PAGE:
Flogging Blogging

How does trust between reader and author evolve with the art form know as blogging -- and how that can become perverted as casual blogspeak takes over for real reported

August 19, 2004

6 Min Read
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The increasing popularity of blogs has me worried. My first thought was that as more and more people document their lives, journalists may become mere curiosities: You mean you actually get PAID to write for a living? What an antique notion. Today, I realize that the more interesting issues concern how the trust between reader and author evolves with this new documentary form, and how that becomes subverted and perverted as the casual and anecdotal blogspeak takes over for real reported work and thoughtful analysis. I'll get to this in a moment, bear with me for now.

It could be that 2004 will be a watershed year for the Web: from this moment, more people will be writing blogs than reading them. If this doesn't happen, it certainly seems imminent. And I am sure that somewhere someone has already made that assertion on their blog.

A good blog is hard to do. It takes a lot of time to write, and to post, and to read comments and respond to them. They provide insight into the blogger's daily trials and tribulations, a combination of modern age diary and Kerouac experiential writing.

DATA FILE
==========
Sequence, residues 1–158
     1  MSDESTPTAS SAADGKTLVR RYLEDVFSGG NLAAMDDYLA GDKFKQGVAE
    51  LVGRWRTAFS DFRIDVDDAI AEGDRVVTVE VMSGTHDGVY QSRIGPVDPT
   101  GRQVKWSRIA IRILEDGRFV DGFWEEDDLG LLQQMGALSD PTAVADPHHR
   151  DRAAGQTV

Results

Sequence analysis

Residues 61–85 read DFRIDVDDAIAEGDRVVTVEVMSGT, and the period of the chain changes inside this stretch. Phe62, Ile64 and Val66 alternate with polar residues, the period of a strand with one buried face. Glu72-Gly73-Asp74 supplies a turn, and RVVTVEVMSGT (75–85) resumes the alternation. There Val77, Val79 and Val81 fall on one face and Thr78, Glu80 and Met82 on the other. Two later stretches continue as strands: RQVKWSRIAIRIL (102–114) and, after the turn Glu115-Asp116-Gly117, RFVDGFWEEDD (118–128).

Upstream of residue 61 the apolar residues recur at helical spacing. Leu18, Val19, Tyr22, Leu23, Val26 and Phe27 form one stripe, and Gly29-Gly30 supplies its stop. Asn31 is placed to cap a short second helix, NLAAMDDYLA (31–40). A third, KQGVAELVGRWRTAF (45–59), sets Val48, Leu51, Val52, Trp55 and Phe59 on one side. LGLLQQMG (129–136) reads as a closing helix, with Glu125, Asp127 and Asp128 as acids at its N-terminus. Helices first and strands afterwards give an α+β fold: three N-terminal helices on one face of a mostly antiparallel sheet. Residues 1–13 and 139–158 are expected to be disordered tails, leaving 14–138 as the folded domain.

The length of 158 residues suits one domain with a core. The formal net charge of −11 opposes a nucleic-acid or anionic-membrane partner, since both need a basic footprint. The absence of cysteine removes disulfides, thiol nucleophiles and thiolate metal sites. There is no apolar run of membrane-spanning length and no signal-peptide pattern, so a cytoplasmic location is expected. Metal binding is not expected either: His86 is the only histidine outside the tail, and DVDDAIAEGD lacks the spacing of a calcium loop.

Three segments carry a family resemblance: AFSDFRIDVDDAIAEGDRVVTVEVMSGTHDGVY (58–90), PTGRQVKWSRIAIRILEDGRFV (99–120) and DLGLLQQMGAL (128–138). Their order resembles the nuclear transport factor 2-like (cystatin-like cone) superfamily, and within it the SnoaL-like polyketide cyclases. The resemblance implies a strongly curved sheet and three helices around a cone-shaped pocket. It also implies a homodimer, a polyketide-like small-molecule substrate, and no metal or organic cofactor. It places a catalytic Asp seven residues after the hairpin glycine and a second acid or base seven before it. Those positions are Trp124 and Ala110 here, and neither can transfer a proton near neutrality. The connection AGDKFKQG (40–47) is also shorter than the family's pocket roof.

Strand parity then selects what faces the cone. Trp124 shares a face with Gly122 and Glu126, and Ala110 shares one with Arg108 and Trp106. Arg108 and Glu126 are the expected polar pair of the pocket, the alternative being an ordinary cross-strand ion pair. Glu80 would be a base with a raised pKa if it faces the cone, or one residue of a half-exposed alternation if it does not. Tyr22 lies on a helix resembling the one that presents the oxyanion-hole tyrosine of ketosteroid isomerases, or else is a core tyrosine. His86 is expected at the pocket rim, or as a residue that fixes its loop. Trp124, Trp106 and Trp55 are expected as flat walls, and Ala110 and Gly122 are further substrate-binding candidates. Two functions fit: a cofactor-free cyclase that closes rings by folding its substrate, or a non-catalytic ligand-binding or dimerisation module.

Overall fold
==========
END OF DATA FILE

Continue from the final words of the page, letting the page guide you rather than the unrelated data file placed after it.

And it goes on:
Sometimes, the boundaries between a blog and a moderated discussion page or a frequent Web column (such as this one) are hard to really define -- at least for me. One of my former colleagues -" a very prolific writer and successful columnist -" tried to write a blog, and lasted a week or so before giving up.

But despite these hurdles, soon everything will be transcribed and documented by someone online. Good indicators of this trend are what I call clogs -" CEO blogs "- that are done by the head honchos of Sun Microsystems (Blogs.sun.com) and the Dallas Mavericks (www.blogmaverick.com). Both have been blogging away for some time. That link to Sun's site will lead you to dozens of other employee-based bloggers, some of whom have thousands of visitors. Maybe this is why Sun is in such trouble: instead of blogging away, how about selling some more product and getting a better handle on this Linux thing for once and for all? But I digress.There is even blog-based humor. (I wrote one after the Martha Stewart trials began and it can be found here:)http://strom.com/awards/332.html

The number of blogs attributed to our president are much more interesting to read than the "real" one, if W. actually writes his own. My favorite prez pun blog is here:http://www.theonion.com/images/395/article_popup2910.jpg

Okay, enough flogging of blogging. Let's get on to the bigger blog issue, which as I mentioned earlier revolves around the trust between writer and reader. As the number of blogs increases, it becomes harder for readers to stay with a blog long enough to develop a rapport with the blogger. If I am a devoted reader of the New York Times, I generally trust the stuff that I find in that venue and come to appreciate its liberal leftist leanings on the news. The same is true with blogs: I would tend to follow those columnists, or personalities, that I have affinity with. As one blogger put it, "the all-around-good-guys and platinum members of that exclusive fraternity of techno celebs who are my close personal friends."

But as the number of blogs approaches the overall computer population of the planet, it becomes harder to locate and align with the right-(or left-) thinking bloggers.